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You know all those fabulous design blogs that show their super-clever D.I.Y. projects and they make them look so easy? Those kinds of posts are the reason I have such a hard time letting go of all stuff from around my house. I think “oh, I can refinish this and put new hardware on it and air it out and it will be brand new again.” I subscribe to ReadyMade and get inspired by all those folks that can make a beautiful chandelier out of paper clips and old keys. Now, this kind of thinking really works for clever people like Thomas Wold, to name one. Unfortunately, I am not one of those people and I need to counter my packrat false ambitions by watching Hoarders. This is how the world’s simplest and easiest project took me three days to complete.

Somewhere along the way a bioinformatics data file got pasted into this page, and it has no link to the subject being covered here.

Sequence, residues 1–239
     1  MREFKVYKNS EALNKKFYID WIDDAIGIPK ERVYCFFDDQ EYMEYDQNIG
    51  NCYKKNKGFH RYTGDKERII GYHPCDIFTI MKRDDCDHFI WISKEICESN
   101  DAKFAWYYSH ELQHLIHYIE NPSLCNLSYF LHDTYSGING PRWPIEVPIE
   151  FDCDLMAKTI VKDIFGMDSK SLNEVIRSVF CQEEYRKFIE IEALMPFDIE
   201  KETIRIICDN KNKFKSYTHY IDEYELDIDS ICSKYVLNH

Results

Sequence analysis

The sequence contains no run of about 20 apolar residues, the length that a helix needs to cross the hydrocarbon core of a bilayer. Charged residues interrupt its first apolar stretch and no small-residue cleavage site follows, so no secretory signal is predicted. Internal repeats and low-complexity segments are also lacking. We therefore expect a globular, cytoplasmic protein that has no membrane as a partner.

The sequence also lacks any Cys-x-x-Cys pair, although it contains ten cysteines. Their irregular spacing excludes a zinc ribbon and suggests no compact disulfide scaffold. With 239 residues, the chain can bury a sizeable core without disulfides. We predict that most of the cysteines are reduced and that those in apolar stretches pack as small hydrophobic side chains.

So, first I asked you all for advice. I received great tips, and basically picked the one with the shortest drive to go get materials. The winner, thus, was foam core from Utrecht.

DAY ONE:

I then went through the piles and piles of Marimekko fabric I have around my house, but nothing was really calling my name. So I gave up and got busy doing other things.

DAY TWO:

I worked out for the first time since my gym went out of business on December 3 and way overdid the lunges. It was also freezing outside, but looking at my ugly map wall, blank foam core and thus total lack of inspiration, I remembered I could walk to Paper Source and get something to cover the foam core. It was VERY cold outside, so hobbling with my aches and pains to Paper Source took a lot of determination.